Presentation on theme: "Medically Complex Contraceptive Care Does 2+2=2 or 3 or 4?"— Presentation transcript:
Medically Complex Contraceptive Care Does 2+2=2 or 3 or 4?
Learning Objectives Define medical contraindications to contraceptive use using the CDC Medical Eligibility Criteria for Initiating Contraception Analyze these guidelines using the referenced literature Accurately discuss the risks and benefits of medically complex contraception care with both patients and colleagues
United States Medical Eligibility Criteria for Contraceptive Use Risk Level 1Method can be used without restriction 2 Advantages generally outweigh theoretical or proven risk 3 Method usually not recommended unless other, more appropriate methods are not available or not acceptable 4Method not to be used
Amy geId= &searchId=d200ace9910e021dc 23256f155816f1f&npos=39 Wants to try the patch. History of Hyperlipidemia: LDL = 170 BMI = year old G2P0020 female who comes to the office with a UTI
Learning points Use every opportunity to ask about family planning to prevent unintended pregnancies Assess pathophysiology of medical contraindications sometimes equals 2 Antibiotics do not decrease efficacy of contraceptives (except rifampin)
Doreen 46 year-old G2P2. Would like to remove her copper IUD and try “the shot” PMH significant for asymptomatic gallstones and cervical cancer awaiting treatment ystockphoto/sxc2/17/72/7/afric an-american-black l.jpg
Learning Points can still = 2 Progestin only methods are almost always safer than combined estrogen/progestin methods
Rosa 16 year old G0P0 with a history of sickle cell disease presents to your office to discuss contraception. Thinks she would like to try the IUD “without hormones” Detailed history reveals she was treated for PID last year She had unprotected sex 4 days ago, LMP is 3 weeks ago d=8685&searchId=56609ab6ba04048adc2cbfafbe 745e10&npos=380
Category 4 Conditions for IUDs Current PID, gonorrhea, chlamydia. (Category 4 for initiation only). Certain anatomic abnormalities. (May interfere with proper IUD placement). Endometrial cancer. (Initiation only). Cervical cancer awaiting treatment. (Initiation only). Active pregnancy. Unexplained vaginal bleeding. (Suspicious for serious condition).
Quick Start: Progestin IUD or Implant
Emergency Contraception Factors that will affect the efficacy of the emergency contraception (EC) pill: –LMP –Last unprotected sex –BMI available-to-girls-15-and-older/ html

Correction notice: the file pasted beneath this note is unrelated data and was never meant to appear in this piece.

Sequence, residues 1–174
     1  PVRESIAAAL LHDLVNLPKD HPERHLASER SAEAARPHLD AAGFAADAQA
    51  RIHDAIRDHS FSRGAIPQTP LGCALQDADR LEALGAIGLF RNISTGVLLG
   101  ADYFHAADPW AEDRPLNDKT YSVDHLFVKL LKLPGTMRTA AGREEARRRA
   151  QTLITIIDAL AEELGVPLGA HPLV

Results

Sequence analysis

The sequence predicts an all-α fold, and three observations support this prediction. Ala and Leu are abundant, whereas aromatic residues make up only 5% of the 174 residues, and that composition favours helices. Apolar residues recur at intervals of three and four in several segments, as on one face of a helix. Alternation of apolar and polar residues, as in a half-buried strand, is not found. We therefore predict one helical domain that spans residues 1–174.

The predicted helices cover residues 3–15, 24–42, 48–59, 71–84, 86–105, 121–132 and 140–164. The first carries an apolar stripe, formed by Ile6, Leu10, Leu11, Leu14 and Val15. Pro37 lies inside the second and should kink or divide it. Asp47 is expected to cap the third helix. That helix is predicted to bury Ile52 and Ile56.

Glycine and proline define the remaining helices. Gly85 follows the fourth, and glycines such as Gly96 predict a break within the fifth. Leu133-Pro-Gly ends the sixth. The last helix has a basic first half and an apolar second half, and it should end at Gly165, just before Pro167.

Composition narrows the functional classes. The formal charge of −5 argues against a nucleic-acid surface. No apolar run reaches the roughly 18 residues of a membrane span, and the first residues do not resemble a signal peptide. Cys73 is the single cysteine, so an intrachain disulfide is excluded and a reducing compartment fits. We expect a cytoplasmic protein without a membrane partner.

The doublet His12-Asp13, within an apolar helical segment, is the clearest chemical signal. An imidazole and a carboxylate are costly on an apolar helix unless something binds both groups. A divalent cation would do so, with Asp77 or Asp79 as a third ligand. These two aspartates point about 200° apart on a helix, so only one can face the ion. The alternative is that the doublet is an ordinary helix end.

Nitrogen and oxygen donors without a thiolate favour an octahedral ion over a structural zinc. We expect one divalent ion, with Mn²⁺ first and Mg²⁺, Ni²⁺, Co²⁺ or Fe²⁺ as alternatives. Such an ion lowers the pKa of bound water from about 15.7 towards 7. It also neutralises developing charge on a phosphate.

Learning Points IUDs OK in nullips, teens (even first line!) OK to test for STIs at the time of insertion as long as not very high risk or mucopurulent cervix The best Emergency Contraception is the Copper IUD, second best is ulipristal acetate
Audrey 33 year old G3P3 Happy with her Combined Oral Contraceptives Migraines without aura for many years Newly diagnosed with Lupus, so far uncomplicated 2641&searchId=56609ab6ba04048adc2cbfafbe745e10& npos=1577
Learning Point Remember to assess pathway of “2” recommendation Pregnancy is always a higher risk than the birth control method Vasectomy is an option to recommend!
Katie 28 year old G0P0 comes to you for her well woman exam. In a new relationship and would like to have contraception she doesn’t have to think about. Likes the idea of the progestin implant She has a history of a seizure disorder which is stable on carbamazepine, and Type 1 Diabetes which was diagnosed at age 12 outdoors-antiquecars o.jpg
Learning points Keep track of age – many recommendations change with age Danger of anti-convulsants is decreasing efficacy of contraceptives (except lamictal)
Jenny 38 years old and recently diagnosed with colon cancer. She is scheduled for surgery in 2 weeks. Requests a refill prescription for birth control pills Mother has a history of DVT earchId=56609ab6ba04048adc2cbfafbe745e10&npos=782
Key take home points Progestin methods safer than combined estrogen + progestin Pregnancy is higher risk than birth control Copper IUD generally the safest method under the woman’s control Vasectomy is VERY safe!
References and Resources Hatcher et al, Contraceptive Technology 2007 Centers for Disease Control and Prevention (CDC). U.S. Medical Eligibility Criteria for Contraceptive Use, MMWR Recom Rep Jun 18;59(RR- 4):1-86. Managing Contraception – book Medical Eligibility Criteria for Contraceptive Use 2010 by WHO Association of Reproductive Health Professionals Alan Guttmacher Institute Planned Parenthood The Cochrane Collaboration Reproductive Health Access Project